Yesterday, The New York Times published an article entitled “How Small Business Owners Are Coping with the Economic Turmoil,” in which they asked small business owners around the country how they were reacting to the current economic uncertainty. The answered varied considerably from a photographer who thinks his business may go down the tubes to a couple of people who are thinking of expanding.
For me, the odd thing about this turmoil is that in July, I was seeing strong rays of hope. I had my best month revenue-wise in several years. So I was feeling hopeful that the economic woes of the past three years were more or less behind us. I especially felt good when I received an assignment from the investment banking firm that had stopped using my writing services when the economy hit a brick wall in 2008. They were back! This was exciting and very positive news. They were doing M&A deals again and could afford to invest in some marketing.
Then Congress decided to act like a bunch of ninnies and played fast and loose with the debt ceiling, showcasing for the whole world the extreme political divisions and lack of strong leadership all the way around that are now the chief characteristics of our national government. Things that should have been handled months ago came down to the 11th hour and then resulted in legislation that didn’t seem to please anyone, least of all Standard & Poor’s.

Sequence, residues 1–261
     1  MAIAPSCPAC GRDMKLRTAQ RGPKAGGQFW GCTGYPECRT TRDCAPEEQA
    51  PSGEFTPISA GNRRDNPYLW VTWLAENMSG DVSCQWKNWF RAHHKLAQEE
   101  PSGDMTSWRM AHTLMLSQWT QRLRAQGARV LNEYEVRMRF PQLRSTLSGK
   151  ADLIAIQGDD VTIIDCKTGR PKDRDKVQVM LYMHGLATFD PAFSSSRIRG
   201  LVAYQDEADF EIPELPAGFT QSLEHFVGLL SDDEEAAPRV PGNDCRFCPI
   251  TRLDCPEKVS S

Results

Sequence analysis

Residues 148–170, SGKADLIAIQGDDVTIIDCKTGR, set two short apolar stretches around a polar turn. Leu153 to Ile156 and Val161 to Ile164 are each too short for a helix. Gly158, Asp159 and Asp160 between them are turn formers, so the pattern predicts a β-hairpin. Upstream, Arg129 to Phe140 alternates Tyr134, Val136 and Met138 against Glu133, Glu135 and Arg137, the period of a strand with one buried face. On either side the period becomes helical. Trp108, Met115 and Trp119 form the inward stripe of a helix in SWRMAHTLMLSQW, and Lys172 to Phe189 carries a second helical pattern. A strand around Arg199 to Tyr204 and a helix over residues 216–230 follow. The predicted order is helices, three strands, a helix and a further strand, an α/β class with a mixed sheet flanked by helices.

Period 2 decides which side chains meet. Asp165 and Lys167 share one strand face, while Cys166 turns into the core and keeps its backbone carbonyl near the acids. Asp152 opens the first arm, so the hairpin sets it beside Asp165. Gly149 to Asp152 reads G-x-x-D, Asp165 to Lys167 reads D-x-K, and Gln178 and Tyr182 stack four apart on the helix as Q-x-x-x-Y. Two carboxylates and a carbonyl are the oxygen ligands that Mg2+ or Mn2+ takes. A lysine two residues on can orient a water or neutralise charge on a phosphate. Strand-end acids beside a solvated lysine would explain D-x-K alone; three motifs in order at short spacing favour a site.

With the Wall Street crowd seeming to have taken leave of their senses this week, what exactly is a small business owner to do? The overall impression I came away with from The New York Times article is that small business people are coping the way we always do. We try to do our best to serve our customers, keep costs in check, make sure we collect on our accounts receivable, and keep our fingers crossed that things will turn out for the best.
I am not sure it is possible to run your own business for any length of time without being an optimistic at heart. Yes, you have to be realistic about the economic outlook and take whatever steps you can to protect yourself and your business. But you also have to believe that this too shall pass. Otherwise you’ll be in too much of a funk to do your best for your customers and your employees.
I have survived three recessions since starting my business in 1989. In fact I started my business just as the real estate bubble of the 1980s burst. I remember wondering if I would survive and I also remember how much stronger and confident I felt once I had made it through that economic crisis.
I think most small business owners and solopreneurs have learned a lot about what it takes to stay in business in the past three years. Those learnings should serve us well in the next downturn, whether it comes now or some years down the road.